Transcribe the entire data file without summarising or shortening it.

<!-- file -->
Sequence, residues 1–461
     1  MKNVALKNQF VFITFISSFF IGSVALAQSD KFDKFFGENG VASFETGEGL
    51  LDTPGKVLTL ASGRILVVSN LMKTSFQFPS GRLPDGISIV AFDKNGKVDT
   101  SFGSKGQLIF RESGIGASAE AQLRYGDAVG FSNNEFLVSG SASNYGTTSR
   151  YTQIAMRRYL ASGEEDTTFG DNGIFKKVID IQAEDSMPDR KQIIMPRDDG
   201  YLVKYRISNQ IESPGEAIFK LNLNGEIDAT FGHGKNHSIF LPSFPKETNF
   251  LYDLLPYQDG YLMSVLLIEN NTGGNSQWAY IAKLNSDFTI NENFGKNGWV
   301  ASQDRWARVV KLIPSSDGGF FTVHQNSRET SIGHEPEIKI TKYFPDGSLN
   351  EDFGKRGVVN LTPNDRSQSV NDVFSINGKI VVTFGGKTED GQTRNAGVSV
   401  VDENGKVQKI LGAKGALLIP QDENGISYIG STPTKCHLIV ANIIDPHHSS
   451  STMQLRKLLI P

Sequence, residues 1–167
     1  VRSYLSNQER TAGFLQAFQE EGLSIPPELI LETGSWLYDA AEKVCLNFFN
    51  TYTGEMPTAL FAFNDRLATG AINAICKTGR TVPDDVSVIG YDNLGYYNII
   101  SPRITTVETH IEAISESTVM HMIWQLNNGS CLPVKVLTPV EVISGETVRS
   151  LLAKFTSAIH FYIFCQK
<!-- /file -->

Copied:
Sequence, residues 1–461
     1  MKNVALKNQF VFITFISSFF IGSVALAQSD KFDKFFGENG VASFETGEGL
    51  LDTPGKVLTL ASGRILVVSN LMKTSFQFPS GRLPDGISIV AFDKNGKVDT
   101  SFGSKGQLIF RESGIGASAE AQLRYGDAVG FSNNEFLVSG SASNYGTTSR
   151  YTQIAMRRYL ASGEEDTTFG DNGIFKKVID IQAEDSMPDR KQIIMPRDDG
   201  YLVKYRISNQ IESPGEAIFK LNLNGEIDAT FGHGKNHSIF LPSFPKETNF
   251  LYDLLPYQDG YLMSVLLIEN NTGGNSQWAY IAKLNSDFTI NENFGKNGWV
   301  ASQDRWARVV KLIPSSDGGF FTVHQNSRET SIGHEPEIKI TKYFPDGSLN
   351  EDFGKRGVVN LTPNDRSQSV NDVFSINGKI VVTFGGKTED GQTRNAGVSV
   401  VDENGKVQKI LGAKGALLIP QDENGISYIG STPTKCHLIV ANIIDPHHSS
   451  STMQLRKLLI P

Sequence, residues 1–167
     1  VRSYLSNQER TAGFLQAFQE EGLSIPPELI LETGSWLYDA AEKVCLNFFN
    51  TYTGEMPTAL FAFNDRLATG AINAICKTGR TVPDDVSVIG YDNLGYYNII
   101  SPRITTVETH IEAISESTVM HMIWQLNNGS CLPVKVLTPV EVISGETVRS
   151  LLAKFTSAIH FYIFCQK